Make a desk clock with vintage IN-12A nixie tubes.
Make a clock with IN-12A nixie tubes.
To make the experience fit your profile, pick a username and tell us what interests you.
Make a desk clock with vintage IN-12A nixie tubes.
IN-12 eagle library
lbr - 11.08 kB - 12/24/2017 at 12:31
IN-12A nixie clock's main board (Rev.A)
brd - 197.39 kB - 12/20/2017 at 14:14
IN-12A nixie clock's main board schematic (Rev.A)
sch - 667.78 kB - 12/14/2017 at 12:01
I ended up requesting the parts mounting on the main PCB. Perhaps the PCB is likely to arrive in a few days. I'm planning to separate the SMPS from the main board because I want to make a clock that is small, slim, and does not have a lot of heat.
I am not good at soldering. I tried some soldering parts on PCB last time, but failed many times.
So I decided to use PCB production services to save time and money (and health).
This service is a little(or a lot) expensive, but it doesn't matter to me if I not have to smell the flux... :-)
When I finished it, I'll upload it.
The nixie clock's main board that I ordered last time has arrived. (Delivery was faster than I thought ;D )
I ordered ceramic capacitors and several types of 3216 type resistors needed for PCB assembly.
Since the 0.1uF ceramic capacitors were rather expensive, I purchased tantalum capacitors instead.
Because the tantalum capacitors have polarity, I have to mark polarity with a marker pen on the PCB while checking the brd file.
I hate the linear constant voltage IC very much ( For example, 78xx series)
They are difficult to deal with the heat issue. SMPS, however, generates little heat.
I made reference circuit of LM2575 5V.
It generates almost exactly 5V when 12V input is applied.
As planned, nixie tubes are mounted to the top PCB via D'SUB pins. But the pins of nixie tubes are twisted little by little, so I plan to connect the tubes with a standard cable.
I've looked into the IN-12 library to make a "Nixie Board" PCB on which nixie tubes are mounted.
Libraries could find many kinds of things on Google. However, most were slightly different from the datasheet or fitted to typical nixie tube sockets. So I decided to create my own library. Because I decided to use pins from D'SUB instead of a socket to plug in a nixie tube, I also made the hole size for the D'SUB pin. The library contains IN-12A and IN-12B. I uploaded my library.
So it doesn't fit slightly with my library. You need to modify the pin position slightly to fit into your tube. Alternatively, you can increase the size of the hole so that the pin can fit into the hole.
I've finished checking the PCB of my nixie clock's main board. The size of it is 180mm x 50mm. Isn't it small enough to make a desk clock? I have made modifications to the packages of the libraries in Eagle, making it easier to solder the PCB. (Especially I'm beginner in SMD parts soldering) The HV5622 is placed on the bottom side to simplify routing.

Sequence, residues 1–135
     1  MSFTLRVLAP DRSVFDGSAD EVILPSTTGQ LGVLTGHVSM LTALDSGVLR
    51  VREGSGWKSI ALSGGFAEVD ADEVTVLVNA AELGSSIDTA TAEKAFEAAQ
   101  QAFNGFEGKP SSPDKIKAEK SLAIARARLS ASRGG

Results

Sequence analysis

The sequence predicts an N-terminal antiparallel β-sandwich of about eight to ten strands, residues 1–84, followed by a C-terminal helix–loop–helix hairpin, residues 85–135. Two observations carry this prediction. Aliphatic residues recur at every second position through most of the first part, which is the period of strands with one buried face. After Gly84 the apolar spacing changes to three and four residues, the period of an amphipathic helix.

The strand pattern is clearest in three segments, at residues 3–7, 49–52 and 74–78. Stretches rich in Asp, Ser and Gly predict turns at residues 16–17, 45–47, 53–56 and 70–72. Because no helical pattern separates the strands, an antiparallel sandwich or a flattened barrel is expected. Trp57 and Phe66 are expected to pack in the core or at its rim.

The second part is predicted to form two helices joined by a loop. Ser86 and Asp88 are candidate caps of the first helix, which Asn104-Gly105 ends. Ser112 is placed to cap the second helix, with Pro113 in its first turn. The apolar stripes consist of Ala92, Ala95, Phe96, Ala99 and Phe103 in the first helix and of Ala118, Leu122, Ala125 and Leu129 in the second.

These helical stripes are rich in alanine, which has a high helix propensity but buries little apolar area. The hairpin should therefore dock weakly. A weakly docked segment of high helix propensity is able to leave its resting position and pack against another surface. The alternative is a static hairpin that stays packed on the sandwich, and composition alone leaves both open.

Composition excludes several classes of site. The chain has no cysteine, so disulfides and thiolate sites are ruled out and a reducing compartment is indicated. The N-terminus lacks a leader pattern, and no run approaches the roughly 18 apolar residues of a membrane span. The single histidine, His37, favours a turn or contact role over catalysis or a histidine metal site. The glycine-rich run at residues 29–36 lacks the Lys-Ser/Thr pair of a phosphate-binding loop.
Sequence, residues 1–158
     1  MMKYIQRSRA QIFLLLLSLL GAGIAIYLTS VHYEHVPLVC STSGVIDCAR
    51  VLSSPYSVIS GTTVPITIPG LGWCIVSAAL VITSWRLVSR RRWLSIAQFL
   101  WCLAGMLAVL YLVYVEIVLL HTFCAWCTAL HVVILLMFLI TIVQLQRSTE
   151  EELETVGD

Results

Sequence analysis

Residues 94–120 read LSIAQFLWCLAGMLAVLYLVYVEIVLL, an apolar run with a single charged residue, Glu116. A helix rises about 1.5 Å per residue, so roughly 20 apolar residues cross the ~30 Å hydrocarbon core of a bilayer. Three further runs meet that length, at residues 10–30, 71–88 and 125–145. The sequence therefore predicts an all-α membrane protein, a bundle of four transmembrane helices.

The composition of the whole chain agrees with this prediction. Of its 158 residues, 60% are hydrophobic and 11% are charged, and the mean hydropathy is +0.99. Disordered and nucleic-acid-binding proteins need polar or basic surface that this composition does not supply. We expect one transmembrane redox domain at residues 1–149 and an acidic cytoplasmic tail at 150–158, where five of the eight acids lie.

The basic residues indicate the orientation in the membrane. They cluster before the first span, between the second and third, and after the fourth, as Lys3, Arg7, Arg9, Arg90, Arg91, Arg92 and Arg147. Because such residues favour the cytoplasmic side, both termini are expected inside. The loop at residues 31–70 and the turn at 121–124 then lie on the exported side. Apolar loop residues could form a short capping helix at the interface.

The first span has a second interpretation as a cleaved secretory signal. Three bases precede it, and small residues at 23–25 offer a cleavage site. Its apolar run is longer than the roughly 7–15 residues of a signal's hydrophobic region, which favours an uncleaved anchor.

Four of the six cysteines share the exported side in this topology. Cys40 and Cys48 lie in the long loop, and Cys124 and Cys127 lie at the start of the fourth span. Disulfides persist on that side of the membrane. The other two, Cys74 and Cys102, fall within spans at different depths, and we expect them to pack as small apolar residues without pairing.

I uploaded the completed board file. If I place an order with the PCB manufacturer, I can receive it after one week. In the meantime, I'll try to develop "Nixie Board" and SMPS. (And I'll order some kinds of overseas stock parts in advance.)
I just finished designing the IN-12A nixie clock's main board. I replaced the THD type 2n7000 FET with the SMD type 2n7002 FET to make the main board smaller. I also used the HV5622-PJ directly on the board without using a PLCC44 THD socket. (It is a little difficult for soldering - Could you tell me how to easily solder the PLCC and SOT-23 package? :D) There is no problem with DRC but I will check again if there is something wrong with the PCB and upload the file by tomorrow.
▲ Yippee! No DRC errors!
▲ All routed main board.
My HV5622 serial-to-parallel converter's recommended operating voltage is 10.8v to 13.2v. I wanted to use 12V logic on it, but my MCU uses 5v logic. So I used a MOSFET-based level shifter(The circuit based on this site).
I tested the circuit in my breadboard. The 5v logic connected to the switch(Don't let a pin floating in logic low!) and the 12v logic connected to the multimeter.
And I'm doing PCB design of my nixie clock's main board these days.
I ended up drawing the IN-12A nixie clock's mainboard schematic. In schematic, The "pcb header" is the header that connects the nixie board and the power board. Pin A0~F9 is the nixies' cathodes. ( AB : hour, CD : minute, EF : second ) And 5v, 12v, GND is from power board(I'll make it later) I checked the schematic twice, but let me know if you have a better idea or my circuit has a problem. :)
Parts in the schematics are likely to arrive pretty late because of overseas delivery. In the meantime, I will order a PCB board and design a circuit for a nixie board and a power board.
I tested a IN-12A nixie tube. I want to use a nixie socket to use a nixie tube, but it is so expensive to buy one. And then, I found this site. So I decided to buy D-SUB. Today, it arrived. I tested the nixie tube. It is super easy to make D-SUB connector into nixie socket. Just break a metal cover and get plenty of connectors! It fits tightly into the nixie's pin.
It's perfect! And I tested the nixie with jumper wire.
The nixie tube's condition is very good! I love this orange glow discharge.
And I drew my nixie clock's main board schematic. I'll check it one more time tomorrow and then, I'll upload it.
Become a member to follow this project and never miss any updates
By using our website and services, you expressly agree to the placement of our performance, functionality, and advertising cookies. Learn More